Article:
President Ma Ying-jeou (馬英九) said yesterday he hoped the country would join the World Health Assembly (WHA) next year, but a former diplomat said the idea that Beijing would relax efforts to shrink Taiwan’s international space was wishful thinking.
Ma thanked the European parliament for supporting Taiwan’s participation in the WHA as he met members of the Alliance of Liberals and Democrats for Europe at the Presidential Office in the afternoon,
“It is the goal we are striving for and we hope to reach it next year,” he said.
Former representative to the US Joseph Wu (吳釗燮), however, was not optimistic.
Wu, who once served as head of the Mainland Affairs Council, said that Taiwan should not “expect too much” from Beijing in terms of increased international space.
The conclusion he drew from exchanging views with China scholars was that there was “little to expect from Beijing” and that it was “an issue that it was not going to go anywhere,” Wu said.
“We shouldn’t expect too much any time soon ... I don’t have any illusions at all,” he said, noting that Chinese Ambassador to the UN Wang Guangya (王光亞) said in September that Taiwan must follow a memorandum of understanding signed in 2005 if it hoped to participate in WHO-related activities.
Some of his friends in the US who have extensive contacts with Beijing have come to the conclusion that the Chinese are extremely stubborn about Taiwan’s participation in international organizations, he said.
“They advised us not to expect too much,” he said during a question-and-answer session at a forum organized by the Taiwan Thinktank on the prospects and challenges in the wake of the Taipei meeting between Straits Exchange Foundation Chairman Chiang Pin-kung (江丙坤) and Association for Relations Across the Taiwan Strait Chairman Chen Yunlin (陳雲林).
Byron Weng (翁松燃), a professor of public policy at National Chi Nan University, said that no government tactics should be deemed incorrect unless the price it paid for them was too high.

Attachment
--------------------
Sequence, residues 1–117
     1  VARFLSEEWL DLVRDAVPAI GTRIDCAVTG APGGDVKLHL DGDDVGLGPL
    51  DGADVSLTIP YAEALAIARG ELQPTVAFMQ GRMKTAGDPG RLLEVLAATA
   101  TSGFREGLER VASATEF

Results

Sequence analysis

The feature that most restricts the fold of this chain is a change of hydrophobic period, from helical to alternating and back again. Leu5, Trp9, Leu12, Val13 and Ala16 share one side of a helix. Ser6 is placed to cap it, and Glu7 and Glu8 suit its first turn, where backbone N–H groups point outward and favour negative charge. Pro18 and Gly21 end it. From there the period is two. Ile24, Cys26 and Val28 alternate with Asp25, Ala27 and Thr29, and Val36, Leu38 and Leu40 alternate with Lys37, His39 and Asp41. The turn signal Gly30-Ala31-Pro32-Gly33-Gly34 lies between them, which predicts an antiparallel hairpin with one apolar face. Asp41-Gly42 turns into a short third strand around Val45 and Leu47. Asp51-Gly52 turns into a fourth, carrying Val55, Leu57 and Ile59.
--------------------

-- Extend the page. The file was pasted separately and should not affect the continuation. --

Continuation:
The four agreements signed by Chiang and Chen may be what many people wanted, including the Chinese Nationalist Party (KMT) and the business community. The international community might also welcome the Chiang-Chen meeting, but Chen’s visit showed that Ma’s policy was quite costly, Weng said.
“President Ma paid a personal price because his words of reassurance did not sound right when one observed the actions of his government,” he said.
The independence movement may encounter increasing difficulties as talks between the KMT and Chinese Communist Party continued, Weng said, and the DPP and the independence campaign might feel less certain of their future.
“If the DPP is further weakened because it is still not in a position to ‘deliver’ what the people want. If the DPP cannot function effectively as the opposition, the independence movement and its supporters will have reasons to seriously worry about Taiwan’s sovereign future,” he said.
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SOUTH WINDS: Taiwan’s southeastern region, as well as central and southern regions, would see regional showers and thundershowers, the Central Weather Bureau said Heavy to extremely heavy rainfall in the afternoon in the next two days might cause damage in affected areas, the Central Weather Bureau (CWB) said yesterday, urging people to stay vigilant. With the weakening of a Pacific high-pressure system and with a frontal system in the north moving south, the nation would come under the influence of southwest and south winds today, the bureau said. People in the nation’s southeastern region, as well as in central and southern Taiwan, are likely to experience regional showers or thundershowers, it said. Chances of afternoon thundershowers are high nationwide, and people in some regions